Molded Crayons Tutorial

Here is the 4 finished crayons, that I let set in the fridge. When they were hard, I just popped them out of the mold. It is no work at all!

So there you go!

Easy Peasy! The hardest part is removing the labels from some of the crayons. Some slide right off, but some are more work. I had my 2 year old and 4 year old boys help me to take the papers off and we made fairly quick work of it.


“I’ve been coming to Oakland for years. I used to come up here quite often to listen to the blues legend Brownie McGhee. We used to sit in his garage and eat candy. And talk—and talk some shit, really.”

So spoke Southern California-raised singer, songwriter, and slide guitar sorcerer Ben Harper when he last passed through The Town, playing The Fox Theater shortly after it reopened in 2009. Harper was back in the area last month, albeit in the North and South Bay, playing consecutive sold-out solo concerts, at Weill Hall on the campus of Sonoma State University and at Mountain Winery in Saratoga.

For the uninitiated, Ben Harper is a successful recording artist and touring musician who has crafted an expansive and eclectic career spanning two decades and countless genres. His music is born of and indebted to a blues-folk fusion, but runs the gamut from soul to gospel, rock to reggae, country to funk, with jazz and hip-hop principles never too far. In the late ’90s and early 2000s he quickly became a star overseas, headlining European festivals for audiences upwards of 25,000, but back home—as was the case with many black artists before him—his following was a fraction of the size. Nonetheless, his prolific creative output and his willingness to stretch out in new directions, while still staying reverent to his roots, kept his U.S. fan base strong, if smaller in stature than that of many other countries. It also hasn’t hurt that his live shows are long, raucous, spiritual affairs that foster a genuine connection with his audience, and feature the frequent special guest, dynamic covers, and incendiary reimaginings of his already vast catalogue.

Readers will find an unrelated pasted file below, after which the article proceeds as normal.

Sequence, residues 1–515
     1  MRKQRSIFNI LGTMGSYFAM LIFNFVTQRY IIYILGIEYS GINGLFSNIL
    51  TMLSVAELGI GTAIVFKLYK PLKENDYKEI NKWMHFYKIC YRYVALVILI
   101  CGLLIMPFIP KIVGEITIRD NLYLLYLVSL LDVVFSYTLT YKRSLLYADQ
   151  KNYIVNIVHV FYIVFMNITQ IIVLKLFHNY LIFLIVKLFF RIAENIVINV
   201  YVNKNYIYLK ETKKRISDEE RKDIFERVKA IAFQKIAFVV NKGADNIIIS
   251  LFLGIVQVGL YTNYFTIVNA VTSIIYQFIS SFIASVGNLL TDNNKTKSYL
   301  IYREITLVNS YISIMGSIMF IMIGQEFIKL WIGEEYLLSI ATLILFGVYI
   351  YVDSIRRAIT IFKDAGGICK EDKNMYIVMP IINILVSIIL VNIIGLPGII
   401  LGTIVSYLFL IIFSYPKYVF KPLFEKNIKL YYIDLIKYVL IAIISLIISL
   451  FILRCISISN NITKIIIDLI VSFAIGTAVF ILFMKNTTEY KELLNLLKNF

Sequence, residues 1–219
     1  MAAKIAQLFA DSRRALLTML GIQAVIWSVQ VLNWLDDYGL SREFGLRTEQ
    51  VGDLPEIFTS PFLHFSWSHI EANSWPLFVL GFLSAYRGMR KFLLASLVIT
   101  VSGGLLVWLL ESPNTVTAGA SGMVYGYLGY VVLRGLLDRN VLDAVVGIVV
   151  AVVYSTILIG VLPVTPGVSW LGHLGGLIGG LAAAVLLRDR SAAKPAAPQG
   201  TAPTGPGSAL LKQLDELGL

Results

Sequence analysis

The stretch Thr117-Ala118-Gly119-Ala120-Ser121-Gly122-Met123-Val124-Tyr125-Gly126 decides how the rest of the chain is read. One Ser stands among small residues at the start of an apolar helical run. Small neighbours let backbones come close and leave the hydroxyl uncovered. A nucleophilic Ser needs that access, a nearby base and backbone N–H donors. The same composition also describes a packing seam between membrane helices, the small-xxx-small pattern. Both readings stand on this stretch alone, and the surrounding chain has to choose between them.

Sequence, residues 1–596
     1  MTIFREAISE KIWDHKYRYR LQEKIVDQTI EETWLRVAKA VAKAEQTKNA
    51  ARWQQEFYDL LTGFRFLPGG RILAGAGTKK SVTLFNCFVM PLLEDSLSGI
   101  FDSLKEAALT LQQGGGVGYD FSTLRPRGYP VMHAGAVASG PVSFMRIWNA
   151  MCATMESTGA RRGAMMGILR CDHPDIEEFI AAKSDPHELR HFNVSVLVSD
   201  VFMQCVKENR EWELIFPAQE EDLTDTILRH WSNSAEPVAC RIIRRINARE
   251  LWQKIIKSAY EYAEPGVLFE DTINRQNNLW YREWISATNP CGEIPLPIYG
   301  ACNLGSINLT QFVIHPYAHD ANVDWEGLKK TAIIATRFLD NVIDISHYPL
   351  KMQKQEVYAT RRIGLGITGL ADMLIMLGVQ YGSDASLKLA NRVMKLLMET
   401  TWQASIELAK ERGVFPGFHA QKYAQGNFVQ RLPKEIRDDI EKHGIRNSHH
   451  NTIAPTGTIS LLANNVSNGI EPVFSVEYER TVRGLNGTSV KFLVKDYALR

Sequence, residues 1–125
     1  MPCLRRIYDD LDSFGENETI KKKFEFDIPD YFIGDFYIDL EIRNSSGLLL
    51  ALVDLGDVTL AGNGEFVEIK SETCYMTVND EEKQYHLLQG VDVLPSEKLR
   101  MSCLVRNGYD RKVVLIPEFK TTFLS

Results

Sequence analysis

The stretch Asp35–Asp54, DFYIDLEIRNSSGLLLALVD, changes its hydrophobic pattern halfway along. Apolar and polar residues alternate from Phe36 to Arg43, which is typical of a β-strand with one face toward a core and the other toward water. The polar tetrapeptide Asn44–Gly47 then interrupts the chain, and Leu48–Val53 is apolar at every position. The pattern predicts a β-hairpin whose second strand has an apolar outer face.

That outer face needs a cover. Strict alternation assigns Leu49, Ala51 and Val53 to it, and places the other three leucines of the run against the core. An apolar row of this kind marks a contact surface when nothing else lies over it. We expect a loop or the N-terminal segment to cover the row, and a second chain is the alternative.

BEN HARPER, THE BAY, AND THE IMPRINT OF BROWNIE’S BLUESDuring 2012’s string of solo shows on the east coast (which concluded with his first headlining gig at New York City’s Carnegie Hall), Harper thrilled followers and casual fans alike with several extended, as-yet-unreleased lap slide guitar compositions, a couple ukulele adaptations of old classics, and the premier of a medley of Marvin Gaye’s Trouble Man and Pearl Jam’s Indifference on the vibraphone. The following year’s west-coast version of the tour (featuring a stop at Davies Symphony Hall in San Francisco) peaked when Memphis-reared, Chicago-fortified blues harmonica king Charlie Musselwhite joined him on stage to play a few scorching cuts from their new collaborative record.

Suffice it to say, as concertgoers entered the recently built Weill Hall—a gorgeous building modeled after the Boston Symphony Orchestra’s summer home at Tanglewood , featuring a wall that opens up onto a landscaped lawn—the air was abuzz. With the crowd welcoming him in rousing applause, Harper took his seat below a replica marquee of his family’s famed music store and launched into a brand new, Delta blues dirge entitled Call It What It Is (Murder), in which he decried the recent police killings of unarmed black men, invoking the names and stolen lives of Trayvon Martin, Ezell Ford, and Michael Brown. Over a brooding slide riff that deftly conjured the slave songs of the American South, Harper intoned bleakly and deliberately: “They shot him in the back / ’Cause it’s a crime to be black / So don’t act surprised / When it gets vandalized / Call it what it is / Call it what it is / Call it what it is / Murder!” The tune not only summoned up images of the ongoing protests in Fergusson, Missouri, but also called to mind past instances in which Harper’s music similarly denounced flagrant purveyors of racist violence, be it the LAPD in the time of Rodney King or the Bush administration during and after Katrina.